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December 12, 1986 - Image 103

Resource type:
The Detroit Jewish News, 1986-12-12

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Dr. Brandon West and Beth Komisar
discuss their dating experiences.

Bob McKeown

oing out for a date. It
conjures up images of
the old Adventures of Ozzie and
Harriet show, where Ricky asked a
girl out to a movie, the malt shop
and then took her home, only to be
stopped by her father peeking
through the curtain as he tried to
give his date an innocent good-
night kiss.
Basically, dating has not
changed too much from the boy
calls girl, boy picks up girl, boy
pays tab and brings girl home for-
mat of previous years. However,
the women's liberation movement
and the "Me Decade" of the 1970s
have affected the way singles date.
In addition, Jewish singles have to
think about whether or not they
should date out of the faith. And
what about sex? Is there a place for
it in dating?
All three psychotherapists,
Richard Kellman, Keith Levick and
Jackie Odom, agreed that the tra-
ditional notion of a "date" still
holds. In my mind, the male is ex-
pected to pick up the entire tab and
take the major responsibility," ac-
cording to Odom, psychotherapist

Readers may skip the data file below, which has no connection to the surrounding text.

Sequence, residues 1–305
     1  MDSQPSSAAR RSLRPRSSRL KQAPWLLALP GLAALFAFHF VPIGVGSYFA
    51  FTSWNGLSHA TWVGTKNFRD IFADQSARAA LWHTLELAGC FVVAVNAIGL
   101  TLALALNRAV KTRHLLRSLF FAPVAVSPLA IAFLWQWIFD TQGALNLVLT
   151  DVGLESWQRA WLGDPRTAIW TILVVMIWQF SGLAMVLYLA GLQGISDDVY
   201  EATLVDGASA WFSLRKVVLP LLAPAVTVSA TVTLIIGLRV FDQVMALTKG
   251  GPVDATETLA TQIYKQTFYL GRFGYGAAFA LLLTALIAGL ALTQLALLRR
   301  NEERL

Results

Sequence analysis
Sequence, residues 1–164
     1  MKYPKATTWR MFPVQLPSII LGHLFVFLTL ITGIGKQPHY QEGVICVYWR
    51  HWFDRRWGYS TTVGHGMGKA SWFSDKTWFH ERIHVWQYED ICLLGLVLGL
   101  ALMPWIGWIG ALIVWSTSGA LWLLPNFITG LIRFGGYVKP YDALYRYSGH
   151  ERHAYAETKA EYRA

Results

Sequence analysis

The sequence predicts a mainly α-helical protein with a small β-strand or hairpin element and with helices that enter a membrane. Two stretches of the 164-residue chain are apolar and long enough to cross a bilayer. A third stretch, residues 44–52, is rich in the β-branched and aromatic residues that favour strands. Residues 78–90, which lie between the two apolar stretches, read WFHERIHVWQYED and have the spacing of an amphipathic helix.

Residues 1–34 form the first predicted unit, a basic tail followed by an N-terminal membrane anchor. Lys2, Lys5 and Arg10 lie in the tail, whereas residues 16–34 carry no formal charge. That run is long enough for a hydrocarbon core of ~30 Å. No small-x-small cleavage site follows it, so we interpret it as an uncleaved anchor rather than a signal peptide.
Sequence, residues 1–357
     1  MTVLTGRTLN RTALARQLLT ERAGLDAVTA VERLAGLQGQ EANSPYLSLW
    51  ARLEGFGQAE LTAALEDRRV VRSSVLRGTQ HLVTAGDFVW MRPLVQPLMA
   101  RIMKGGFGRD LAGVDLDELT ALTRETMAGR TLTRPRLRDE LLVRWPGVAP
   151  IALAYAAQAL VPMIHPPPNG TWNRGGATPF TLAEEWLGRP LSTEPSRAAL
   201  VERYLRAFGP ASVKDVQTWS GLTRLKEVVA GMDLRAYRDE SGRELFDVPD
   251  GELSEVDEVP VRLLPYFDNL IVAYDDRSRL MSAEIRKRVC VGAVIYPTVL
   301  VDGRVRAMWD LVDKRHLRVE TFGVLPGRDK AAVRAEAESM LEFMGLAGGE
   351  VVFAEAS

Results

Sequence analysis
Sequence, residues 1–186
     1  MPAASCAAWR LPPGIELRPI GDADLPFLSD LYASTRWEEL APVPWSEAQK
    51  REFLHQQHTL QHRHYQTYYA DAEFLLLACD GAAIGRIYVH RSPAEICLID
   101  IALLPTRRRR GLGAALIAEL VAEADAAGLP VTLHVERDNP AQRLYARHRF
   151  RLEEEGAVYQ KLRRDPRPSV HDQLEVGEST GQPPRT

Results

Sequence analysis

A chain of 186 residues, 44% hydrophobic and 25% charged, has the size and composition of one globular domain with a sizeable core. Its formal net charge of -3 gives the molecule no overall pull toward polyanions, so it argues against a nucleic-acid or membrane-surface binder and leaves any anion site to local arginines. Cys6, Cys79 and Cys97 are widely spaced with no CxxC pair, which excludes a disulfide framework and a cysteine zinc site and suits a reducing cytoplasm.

with the Beacon Hill Clinic in
Birmingham. But, she added "it
places a pretty heavy burden on
the male."
Levick, a psychologist in pri-
vate practice. at Jensen Counseling
Clinic in Farmington Hills, concur-
red with Odom. "My own subjective
interpretation of a date is the man
calls the woman."
Singles Dr. Brandon West,
Beth Komisar and Gary Smith,
also see today's dating scene taking
the traditional path. But, to Larry
Rosenberg, it doesn't really matter
who calls whom.
Has dating changed all that
much in the '80s? On the whole,
the singles and psychotherapists
agreed that the dating scene is pre-
tty much the same as it was in
previous decades. However, they
said they feel that because of the
women's liberation movement's ef-
fect of giving women encourage-
ment to be assertive, that many
women are taking a more active
The women assume more re-
sponsibility for organizing a date,"
Odom said, "including financial re-
sponsibility as well as even going
so far as planning (it)." Levick sees

Keith Levick, left, Jacqueline Odom,
center and Richard Kellman discuss
what they advise their clients about

a change as -well, which he attri-
butes to women's new-found equal-
ity gained by the feminist move-
ment. The whole informal way of
dating and courting in the '80s dif-
fers from the '50s — women have
more freedom, mobility to move ab-
out." He said it is not uncommon
these days for a woman to ask a
man out. However, he said, there
are many women who still feel it is
inappropriate to ask a man for a
The singles too, said that they
see women taking a more aggres-
sive role. Rosenberg, a speech
therapist employed by the State of
Michigan, said that men and
women should be equal as far as
dating is concerned. According to
Dr. West, "it's important for a
woman to be aggressive enough to
come up to a guy and say some-
thing. She shouldn't take a back
seat. She should take an active
role." Komisar agreed. "The women
should be as much a part of it as a
man and not take the back seat
and let the guy ask all the time."
But what about the man's role,


Has the way singles date changed
from the 1950s, 1960s or 1970s?


Local Nctos Editor

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